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Mayor Bissen Heard Mokulele Concerns

By Jack Kiyonaga, Reporter 

Molokai residents took the opportunity to air their many flight grievances and address overwhelming frustration with unreliable and expensive flights on Mokulele Airlines two weeks ago when Mayor Richard Bissen made a two-day visit to Molokai.  

A talk story event at the Mitchell Pauole Center constituted the mayor’s first stop on his Holomua Kakou initiative, with the goal of visiting towns around Maui County. 

The purpose of the trip was to run the County of Maui out of Molokai for two days, as well as field questions from Molokai residents in a communal talk story gathering. 

While reminding the Molokai community that the County government does not have input on private airlines like Mokulele, Bissen called Keith Sisson, Chief of Staff at Mokulele’s parent company Southern Airways, to have a conversation with Molokai residents. 

Sisson cited reductions in flights during COVID as the beginning of problems for Mokulele. Reductions in flights meant a change in scheduling that Mokulele has just recently re-configured to be more efficient. 

“We created what we think is a very, very good schedule,” said Sisson, which went into effect March 1. 

This new schedule staggers departure times between flights, increases the allotted time for flight durations as well as the time between flights themselves, and adds pilot breaks during the day. Mokulele also plans on making multiple trips per day on the company’s larger, 28-seater plane. Sisson estimated that the changes should result in 12 percent more seats available per day for Molokai. 

And while the new schedule started on March 1, flights in the first few weeks of March were not “very, very good” on Molokai. 

Sisson explained that the recent delays were due mostly to extreme weather conditions, which caused damage to two planes in addition to delays. 

“You should probably see a very drastic improvement over what the operation has been like in the last couple months,” said Sisson. 

Molokai residents continued to push Sisson on certain issues, especially “very unfair” ticket pricing.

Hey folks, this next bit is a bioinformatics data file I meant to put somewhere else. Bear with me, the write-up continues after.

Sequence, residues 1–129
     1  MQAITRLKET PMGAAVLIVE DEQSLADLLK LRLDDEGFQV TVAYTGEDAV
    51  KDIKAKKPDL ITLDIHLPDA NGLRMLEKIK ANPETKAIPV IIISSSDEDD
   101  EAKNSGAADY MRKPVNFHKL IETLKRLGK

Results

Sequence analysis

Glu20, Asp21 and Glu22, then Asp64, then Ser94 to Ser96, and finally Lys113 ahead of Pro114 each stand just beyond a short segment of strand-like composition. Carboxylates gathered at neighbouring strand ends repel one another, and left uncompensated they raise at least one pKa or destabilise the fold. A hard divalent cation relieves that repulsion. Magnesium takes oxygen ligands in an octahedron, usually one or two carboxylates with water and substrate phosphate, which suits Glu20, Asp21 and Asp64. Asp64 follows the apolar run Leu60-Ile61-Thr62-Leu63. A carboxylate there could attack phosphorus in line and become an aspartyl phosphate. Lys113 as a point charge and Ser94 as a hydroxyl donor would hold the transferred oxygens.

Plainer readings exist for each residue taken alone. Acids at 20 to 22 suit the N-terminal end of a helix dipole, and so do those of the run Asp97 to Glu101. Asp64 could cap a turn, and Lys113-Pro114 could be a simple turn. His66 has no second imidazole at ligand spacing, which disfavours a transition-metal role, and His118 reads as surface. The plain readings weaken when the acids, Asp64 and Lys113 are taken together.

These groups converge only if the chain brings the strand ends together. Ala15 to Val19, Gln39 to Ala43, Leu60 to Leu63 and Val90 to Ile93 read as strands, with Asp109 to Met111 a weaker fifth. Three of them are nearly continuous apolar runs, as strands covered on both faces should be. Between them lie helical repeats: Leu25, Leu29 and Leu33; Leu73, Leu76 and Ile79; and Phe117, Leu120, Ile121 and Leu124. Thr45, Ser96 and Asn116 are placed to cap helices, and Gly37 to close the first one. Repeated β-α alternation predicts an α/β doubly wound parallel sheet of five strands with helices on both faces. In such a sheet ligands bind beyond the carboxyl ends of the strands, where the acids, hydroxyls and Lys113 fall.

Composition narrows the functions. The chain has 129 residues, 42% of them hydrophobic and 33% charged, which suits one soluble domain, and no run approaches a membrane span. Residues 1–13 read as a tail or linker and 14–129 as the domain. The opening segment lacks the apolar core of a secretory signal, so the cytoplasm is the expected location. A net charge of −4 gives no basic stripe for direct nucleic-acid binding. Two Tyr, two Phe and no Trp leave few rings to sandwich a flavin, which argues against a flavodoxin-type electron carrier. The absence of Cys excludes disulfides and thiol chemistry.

Molokai residents also encouraged Sisson to make an in-person trip to hear concerns directly from those severely affected by recent influx of cancellations and delays, especially those with resulting cancelled medical appointments. 

In his inaugural State of the County address on March 21, Mayor Bissen shared thoughts regarding his visit to Molokai. 

“I’m grateful for the over 120 residents of Molokai who chose to spend their evening with our team,” said Bissen. “We enjoyed hosting talk story sessions with the over 40 employees from six departments we were able to visit with at their worksites.”

Bissen highlighted one Molokai program in particular in the State of the County Address – the Molokai Rural Health Community Association’s Kupuna Care Program. The mayor called the program “one of the most inspiring community organizations I was able to meet with while on island.” 

In his address, Bissen likewise touched on the Molokai-specific issue of axis deer management. 

Citing the massive ecologic damage the deer population continues to inflict, Bissen offered a solution of “developing a market incentive” to handle the deer. 

“We will provide an economic stream of venison products, making use of an existing certified processing plant on Maui, and bringing to fruition a plan to manage and mitigate thousands of axis deer that have started to invade our precious watersheds, valuable grazing and farm lands, backyards and gardens, roadways and public parks,” said Bissen. 

Molokai residents can watch Mayor Bissen’s full State of the County Address at mauicounty.gov.


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